Castón, a 44-year-old grandfather of two who was incarcerated as a teen for murder, voted for the first time by absentee ballot earlier this month. He said he’s an avid news watcher, so it felt great to be able to vote for the candidates and issues he follows closely and often debates with other men in his unit. After D.C. changed its disenfranchisement policy, he said he was mailed a registration application. Under the terms of D.C.’s new legislation, the D.C. Board of Elections will be required in January to provide voter registration materials and absentee ballots to D.C. residents who are in the Department of Corrections or Bureau of Prisons custody, although some local advocates said the rollout of that plan has been complicated by the fact that the city doesn’t keep a comprehensive list of its residents in federal custody.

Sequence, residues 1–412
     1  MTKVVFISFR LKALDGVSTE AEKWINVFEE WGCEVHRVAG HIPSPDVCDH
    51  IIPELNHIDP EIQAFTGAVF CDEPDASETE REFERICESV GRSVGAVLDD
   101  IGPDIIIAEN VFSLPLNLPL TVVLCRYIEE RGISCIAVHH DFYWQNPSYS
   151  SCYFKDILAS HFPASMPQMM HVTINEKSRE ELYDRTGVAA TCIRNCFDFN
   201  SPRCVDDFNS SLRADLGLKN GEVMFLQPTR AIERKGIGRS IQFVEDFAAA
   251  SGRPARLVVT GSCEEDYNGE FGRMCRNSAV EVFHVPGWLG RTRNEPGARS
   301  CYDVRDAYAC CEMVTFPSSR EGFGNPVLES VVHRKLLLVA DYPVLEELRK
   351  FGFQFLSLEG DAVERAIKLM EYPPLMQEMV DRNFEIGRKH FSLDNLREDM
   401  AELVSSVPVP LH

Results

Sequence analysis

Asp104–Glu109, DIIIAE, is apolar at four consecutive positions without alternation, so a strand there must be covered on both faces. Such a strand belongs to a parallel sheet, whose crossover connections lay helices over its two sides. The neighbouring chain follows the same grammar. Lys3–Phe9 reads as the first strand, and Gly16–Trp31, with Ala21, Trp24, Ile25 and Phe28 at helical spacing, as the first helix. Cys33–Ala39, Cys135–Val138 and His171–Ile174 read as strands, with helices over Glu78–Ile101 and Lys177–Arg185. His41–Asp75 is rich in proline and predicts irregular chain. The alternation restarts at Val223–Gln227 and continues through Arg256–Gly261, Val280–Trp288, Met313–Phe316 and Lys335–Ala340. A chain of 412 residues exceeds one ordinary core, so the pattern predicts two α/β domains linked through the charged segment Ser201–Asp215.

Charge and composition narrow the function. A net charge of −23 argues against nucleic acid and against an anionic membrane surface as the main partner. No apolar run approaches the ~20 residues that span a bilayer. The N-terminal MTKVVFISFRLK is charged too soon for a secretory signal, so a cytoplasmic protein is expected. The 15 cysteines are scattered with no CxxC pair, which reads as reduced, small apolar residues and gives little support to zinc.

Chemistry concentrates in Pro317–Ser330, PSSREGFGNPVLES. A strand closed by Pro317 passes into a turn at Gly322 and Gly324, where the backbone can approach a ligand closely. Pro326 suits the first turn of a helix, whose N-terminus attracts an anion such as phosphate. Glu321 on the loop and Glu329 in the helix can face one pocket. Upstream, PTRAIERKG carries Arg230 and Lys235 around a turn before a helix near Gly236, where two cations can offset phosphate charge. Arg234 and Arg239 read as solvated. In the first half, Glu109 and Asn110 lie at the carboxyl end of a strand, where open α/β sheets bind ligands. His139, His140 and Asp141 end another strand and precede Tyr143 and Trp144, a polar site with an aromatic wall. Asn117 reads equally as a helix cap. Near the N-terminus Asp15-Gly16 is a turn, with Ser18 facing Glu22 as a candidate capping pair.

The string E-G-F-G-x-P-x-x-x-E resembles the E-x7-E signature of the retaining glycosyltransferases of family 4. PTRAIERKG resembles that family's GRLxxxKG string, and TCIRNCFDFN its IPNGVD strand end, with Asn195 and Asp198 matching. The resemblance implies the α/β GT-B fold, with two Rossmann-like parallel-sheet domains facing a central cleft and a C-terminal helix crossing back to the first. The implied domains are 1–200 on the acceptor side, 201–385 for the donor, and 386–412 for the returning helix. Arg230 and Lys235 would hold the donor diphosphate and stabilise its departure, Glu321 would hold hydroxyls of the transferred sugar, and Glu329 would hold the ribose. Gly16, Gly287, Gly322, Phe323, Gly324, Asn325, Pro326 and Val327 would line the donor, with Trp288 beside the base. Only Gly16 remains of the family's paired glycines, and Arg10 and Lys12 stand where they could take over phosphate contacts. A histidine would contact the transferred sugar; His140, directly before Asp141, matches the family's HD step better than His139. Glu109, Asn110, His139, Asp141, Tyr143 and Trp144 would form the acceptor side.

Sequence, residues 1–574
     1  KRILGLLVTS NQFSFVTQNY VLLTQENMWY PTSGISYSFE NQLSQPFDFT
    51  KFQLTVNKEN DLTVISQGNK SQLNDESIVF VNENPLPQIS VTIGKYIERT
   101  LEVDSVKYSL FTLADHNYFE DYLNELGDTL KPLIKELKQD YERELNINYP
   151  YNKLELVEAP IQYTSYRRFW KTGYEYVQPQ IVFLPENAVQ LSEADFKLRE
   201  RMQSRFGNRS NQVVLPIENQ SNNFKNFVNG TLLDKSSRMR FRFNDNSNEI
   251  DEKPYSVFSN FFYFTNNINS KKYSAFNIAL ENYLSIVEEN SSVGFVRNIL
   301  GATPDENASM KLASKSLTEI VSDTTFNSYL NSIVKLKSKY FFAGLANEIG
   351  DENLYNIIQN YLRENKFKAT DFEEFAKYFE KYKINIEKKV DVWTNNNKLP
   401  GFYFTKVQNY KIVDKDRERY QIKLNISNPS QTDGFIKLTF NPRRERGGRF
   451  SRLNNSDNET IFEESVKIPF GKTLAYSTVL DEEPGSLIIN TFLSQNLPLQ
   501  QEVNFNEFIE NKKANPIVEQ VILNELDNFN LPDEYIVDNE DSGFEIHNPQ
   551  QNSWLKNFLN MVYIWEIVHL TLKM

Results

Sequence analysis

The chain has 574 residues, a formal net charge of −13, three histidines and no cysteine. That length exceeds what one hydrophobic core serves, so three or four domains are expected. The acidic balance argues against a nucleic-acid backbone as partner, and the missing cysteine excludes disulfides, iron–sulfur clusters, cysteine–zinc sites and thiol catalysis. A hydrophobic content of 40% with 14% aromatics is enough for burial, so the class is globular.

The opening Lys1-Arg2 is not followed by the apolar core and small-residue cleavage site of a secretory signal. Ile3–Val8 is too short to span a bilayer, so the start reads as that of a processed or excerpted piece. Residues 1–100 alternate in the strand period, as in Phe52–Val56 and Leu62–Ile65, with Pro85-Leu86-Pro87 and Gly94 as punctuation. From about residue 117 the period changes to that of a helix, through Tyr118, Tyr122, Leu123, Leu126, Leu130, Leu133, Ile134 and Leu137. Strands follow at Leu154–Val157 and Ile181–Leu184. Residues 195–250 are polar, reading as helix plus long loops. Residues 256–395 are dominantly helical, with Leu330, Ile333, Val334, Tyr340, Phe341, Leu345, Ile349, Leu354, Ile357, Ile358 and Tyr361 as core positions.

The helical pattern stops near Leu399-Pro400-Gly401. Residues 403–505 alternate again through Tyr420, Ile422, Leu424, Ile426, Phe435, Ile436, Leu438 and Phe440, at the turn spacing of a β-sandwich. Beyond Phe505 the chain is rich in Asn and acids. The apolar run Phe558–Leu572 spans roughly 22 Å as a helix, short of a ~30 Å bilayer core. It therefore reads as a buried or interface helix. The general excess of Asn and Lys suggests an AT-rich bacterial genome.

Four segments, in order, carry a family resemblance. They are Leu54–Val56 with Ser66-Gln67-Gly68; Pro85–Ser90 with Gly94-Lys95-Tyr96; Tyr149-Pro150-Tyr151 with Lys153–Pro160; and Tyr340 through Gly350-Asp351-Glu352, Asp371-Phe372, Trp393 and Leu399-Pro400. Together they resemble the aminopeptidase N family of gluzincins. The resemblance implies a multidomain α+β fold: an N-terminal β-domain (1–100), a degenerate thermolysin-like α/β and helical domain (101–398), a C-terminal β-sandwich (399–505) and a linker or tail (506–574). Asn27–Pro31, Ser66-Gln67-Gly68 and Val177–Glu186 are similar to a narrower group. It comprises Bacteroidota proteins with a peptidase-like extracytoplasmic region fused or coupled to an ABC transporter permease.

Castón feels the D.C. jail has effectively communicated the law change to eligible voters.

“This is the first time I’m saying this, but the facility has done a wonderful job informing the population about their right to vote,” he said. In his unit, jail administrators make announcements on the PA system throughout the day, and there are posters with the information, Castón said. “They went beyond the call of duty,” he said. “They pulled out all the bells and whistles to get the message out.”

Castón will be casting his absentee ballot for Biden, a vote he said was more based on Biden’s tone and style than enthusiasm for his policies.

He is most concerned with criminal justice reform issues, as they affect him directly right now. He’s been disappointed in the federal government lately, noting Trump’s First Step Act was going in the right direction but wasn’t nearly progressive enough. Still, he said he’s pleased to see reform “sweeping the nation right now,” and “D.C. has taken the vanguard in a lot of these measures.”